Entertainment Weekly


Stay Connected


Advertise With Us

Learn More

Skip to content


Agents of S.H.I.E.L.D. recap: Season 4, Episode 2

There are ghosts everywhere, and even the new S.H.I.E.L.D. director is more than he seems

Posted on

ABC/Jennifer Clasen

Marvel's Agents of S.H.I.E.L.D.

TV Show
Current Status:
In Season
run date:
Clark Gregg, Ming-Na Wen, Chloe Bennet

This new season of Agents of S.H.I.E.L.D. started out with lots of mysteries, thanks to the six-month timeskip and radically altered status quo. Tonight, we finally got some answers (including a highly anticipated introduction), which naturally led to even more questions. Let’s dive in.

Ghosts are on the loose, and not just the fiery one with the slick black car. This episode opens with the ghost woman we saw released from that mysterious box last week, now out and about. In typical ghost fashion, she’s returned to her old home only to find new people (a father and son) living there. The ghost flies into the dad, causing him to see his son with a blackened skull face.

We saw this effect happen to May last week after her brief encounter with the ghost, and it appears to still be plaguing her. While she’s working that out, though, May and Coulson have an appointment with the new S.H.I.E.L.D. director, presumably to get chewed out for going after Daisy last week without his approval. They’re first forced to wait a couple hours, which May thinks is a power move by the new director to show them they don’t run this place anymore. As an aside, May mentions as Coulson might still be director “if you’d put up half a fight,” but Coulson doesn’t seem too bitter about the changes. While he and May wait for their new boss, Coulson mentions he doesn’t miss the bureaucratic elements of the director job; the Zephyr One feels like home to him now. We’ve seen Coulson go through a couple different iterations on this show, from company suit to secretive spymaster to Team Dad and back again — now he appears to be operating in a mode like Mal Reynolds in Firefly, a grizzled veteran who’s basically over it and just wants to look out for his ship and his crew. “At least they can’t take that away,” Coulson says, which seems like a big indication they will try to take it away at some point.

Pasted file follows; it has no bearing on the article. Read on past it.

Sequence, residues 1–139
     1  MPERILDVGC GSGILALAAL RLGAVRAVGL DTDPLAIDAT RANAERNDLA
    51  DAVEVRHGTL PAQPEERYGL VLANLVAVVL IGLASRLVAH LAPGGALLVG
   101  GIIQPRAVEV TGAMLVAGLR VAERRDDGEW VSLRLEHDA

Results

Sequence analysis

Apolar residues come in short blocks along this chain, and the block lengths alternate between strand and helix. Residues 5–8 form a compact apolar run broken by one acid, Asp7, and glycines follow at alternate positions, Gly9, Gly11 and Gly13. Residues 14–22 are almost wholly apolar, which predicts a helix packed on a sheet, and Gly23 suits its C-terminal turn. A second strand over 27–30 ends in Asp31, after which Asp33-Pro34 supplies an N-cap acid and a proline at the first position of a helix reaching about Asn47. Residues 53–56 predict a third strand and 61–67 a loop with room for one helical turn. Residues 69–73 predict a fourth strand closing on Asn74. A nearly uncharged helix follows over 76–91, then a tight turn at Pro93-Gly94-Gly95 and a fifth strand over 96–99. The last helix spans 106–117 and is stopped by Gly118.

Unfortunately for Coulson, he hasn’t entirely escaped the bureaucracy. You see, this new director (Jason O’Mara) is all bureaucracy. We got hints of that last week, with Simmons’ detailed descriptions of his color-coded security clearance system and acronym-heavy initiatives.  Now we meet him face-to-face, and the first line he utters is about headlines and sidebars. He’s actually rather lax about Coulson pursuing Daisy without his knowledge; in fact, he calls it “impressive.” He trusts his agents to do their work, and even has a motivational-poster-ready slogan for it: “A team that trusts is a team that triumphs.” He’s got bigger fish to fry than reprimanding overzealous operatives. Getting S.H.I.E.L.D. back off the ground as a legitimate public organization is no easy task, not in this post-Sokovia Accords world.

Nick Fury’s secret bases and unlimited funds are a thing of the past; now S.H.I.E.L.D. has to rely on UN funding and congressional approval, so this guy’s focus is optics, making everything look respectable. Daisy’s independent vigilantism is an obstacle to that, so he would like it taken care of, but first he’s got another job for Phil: tour guide. Even the slightest amount of time at the base seems to make Coulson itchy for the Zephyr, but just as the director figured, he can’t resist dropping trivial tidbits about Peggy Carter’s old adventures while walking congressmen through the base.

May has a different experience on that tour. She sees the politicians’ faces morph into that now-familiar black skull, and runs to the imprisoned gangsters to ask them if they’re seeing something similar. May asks how she can help, but the gangster only responds “It’s everywhere!” before proceeding to bang his head against the glass of his containment module. Simmons arrives to gas him into submission, but May’s already gone.

NEXT: There’s more ghosts where that came from